Nutrition for Heart  Health: Focus on  Good & Bad Fats Geeta Sikand: MA, RD, CLS,FNLA,CDEAssociate Clinical Professor of M...
Objectives/Presentation Outline   1) Coronary heart disease risk factors in    Asian Indians   2) Evidence based diet & ...
South Asia at Health Crossroads    World Bank Report: February 2011   Asian-Indians (India, Pakistan, Bangladesh,    Sri ...
Are Women at Risk for HeartDisease?   Heart disease is ALSO the leading cause    of death in women in every major    deve...
Risk Factors forHeart Disease and StrokeWhat are “risk factors” ?Behaviors or conditions that increaseyour chances of deve...
Metabolic Syndrome   Primary Cause of Increased CHD Risk in Asian    Indians   Higher prevalence of high triglycerides, ...
Metabolic Syndrome: Diagnostic               Criteria: 3 or more    Central obesity (waist circumference)     •   Men > 40...
Goals for Heart Health   Control the ABC’s:      A1C      Blood pressure      Cholesterol/lipids   Maintain a desirab...
Weight Loss Reduces Risk     Improves blood cholesterol       Lowers total and LDL cholesterol       Lowers triglycerid...
AHA 2006 Diet & Lifestyle Recommendations   Achieve a healthy weight   Decrease total fat, saturated fat and trans    fa...
American Heart Association  2020 Dietary Goalsrimaryruits & Vegetables: ≥ 4.5 cups/dayish: ≥ two 3.5 oz. servings/week (pr...
The Portfolio Eating Plan to lower LDL-C•   NCEP Guidelines:    –   Saturated fat < 7% kcal    –   Cholesterol < 200 mg/da...
Effect of Portfolio Eating Plan on LDLReduction   10 g psyllium (viscous fiber) lowered LDL    6-7%   45 g soy proteins ...
Lowering Triglyceride   Lose weight (belly fat)   Increase physical activity   Control blood sugar   Limit:        Re...
Look AHEAD Trial: 4 yrs Follow upIntense Lifestyle Intervention versus Control Group      •  n=5,145 59 yrs (45-74 yrs), B...
Is Dietitian Intervention Effective toReduce LDL ?        N=74 male veterans, mean age 61 yrs              2-4 dietitian v...
Is Dietitian Intervention Effective?Systematic Review: Amer Diet Assoc 2 to 6 planned visits with a RD over 6-12 weeks   r...
Metabolic Syndrome Case Study: Meet Raj          Raj-55 yrs; family hx of heart disease          5’8”, 170 lbs, total ch...
Raj’s Current Diet & Lifestyle  •   Software engineer  •   Inactive: works long hours  •   High saturated fat intake: High...
What are Raj’s Goals?    Does he want to see a RD? Lifestyle    intervention program? telephone app?   What diet changes ...
Recommendations to Lower    Raj’s LDL-C: TLC Diet   Decrease saturated and trans fats, dietary cholesterol   Lose weight...
Lifestyle Changes for Raj to considerDiet : Keep a food log         Exercise Limit/choose lean meat,        Keep a physic...
TLC Diet Options for RajIncrease intake of viscous (soluble) fiber:10-25g per day  Sources of soluble fiber include:    ...
TLC Diet Could Reduce Raj’s LDL by                          20-30% (WIIFM)     Dietary                                    ...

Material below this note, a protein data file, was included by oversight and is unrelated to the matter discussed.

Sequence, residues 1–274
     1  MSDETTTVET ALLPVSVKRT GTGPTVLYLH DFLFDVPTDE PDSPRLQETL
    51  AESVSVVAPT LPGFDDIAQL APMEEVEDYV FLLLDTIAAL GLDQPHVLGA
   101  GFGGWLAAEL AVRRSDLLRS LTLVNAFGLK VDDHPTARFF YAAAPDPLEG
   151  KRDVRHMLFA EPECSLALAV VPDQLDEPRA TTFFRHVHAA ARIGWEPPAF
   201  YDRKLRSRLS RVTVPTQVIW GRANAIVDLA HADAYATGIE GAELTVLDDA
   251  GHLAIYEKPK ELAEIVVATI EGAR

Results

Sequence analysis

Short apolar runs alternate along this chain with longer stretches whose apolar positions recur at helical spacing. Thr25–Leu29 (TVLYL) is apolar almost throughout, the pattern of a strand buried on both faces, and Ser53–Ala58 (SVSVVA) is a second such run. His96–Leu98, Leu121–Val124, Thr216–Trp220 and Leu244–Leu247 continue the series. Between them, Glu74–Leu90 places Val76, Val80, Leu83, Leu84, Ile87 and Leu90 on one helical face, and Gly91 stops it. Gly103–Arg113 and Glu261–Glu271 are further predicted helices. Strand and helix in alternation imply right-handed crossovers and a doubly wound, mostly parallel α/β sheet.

Food Components to Reduce Fat Saturated fatty acids—less than 10% of calories   • Less than 7% reduces risk of CVD furthe...
Aim for 25 – 35 gm Dietary Fiber per day     Starchy beans/lentils: Aim for ½ cup cooked      beans in 3 - 5 meals per we...
Foods Containing Viscous or SolubleFiber: 10 – 25 gm/day   Oats   Barley   Lentils (daals)   Legumes (rajma, channa, b...
Limit Saturated Fats: “Bad” Fats               Raise LDL   Solid at room temperature   Whole milk & whole milk dairy pro...
Trans-fats: “Bad” Fats          Raise LDL & Lower HDL   Processing changes vegetable oils into semi-    solid fats e.g. p...
Monounsaturated Fats : Good Fats             Lower LDL   May help raise HDL (good) cholesterol.   Olive oil, canola oil,...
Omega-6 Polyunsaturated fats: Good         Fats Lower LDL   Lower LDL (bad) cholesterol when used    in place of saturate...
Plant Stanols/Sterols lower LDL-C 10%   Adjunct therapy to diet and medication eg.    Bennecol spread, Smart balance Hear...
2 Grams of Plant Sterols   150 small apples    83 oranges   210 medium carrot   425 tomatoes    11 cups of peanuts  ...
Phytosterols Added to FoodsSupplemented Foods                                           amount   calories1 Tbsp Benecol®  ...
Omega-3 Fats: Good Fats    Lower Risk of Heart Disease & TG   Two servings (3.5 oz each) of fatty fish per    week are as...
Fish Oil Supplementation   Recommendations       3-4 oz fatty fish/day or       1-3 g omega 3 fatty acids per day (for ...
Plant Sources of Omega-3 Fat2-3 gm/day of ALA Decreases Risk   Canola oil 1TBS = 0.94 g/serving   Ground flax seeds 1 TB...
Raising HDL (Good)                 Cholesterol   Be physically active   Lose weight if overweight   Decrease refined ca...
Food Sources   Potassium       Vegetables (potatoes, tomatoes, spinach, broccoli,                  acorn squash, collard...
Decrease Sodium/ IncreasePotassium   Limit sodium from ALL foods to    2,300 mg (~1 tsp. salt) per day or 1500    mg/day ...
Strategies to Lower Salt Intakeo   Become aware of salt content in food eg ketchup,    soy sauce, pickles, chutneys. Read ...
2010 US Dietary Guidelines:Summary   Enjoy your food, but eat less. Reduce calories from solid fats    and added sugars (...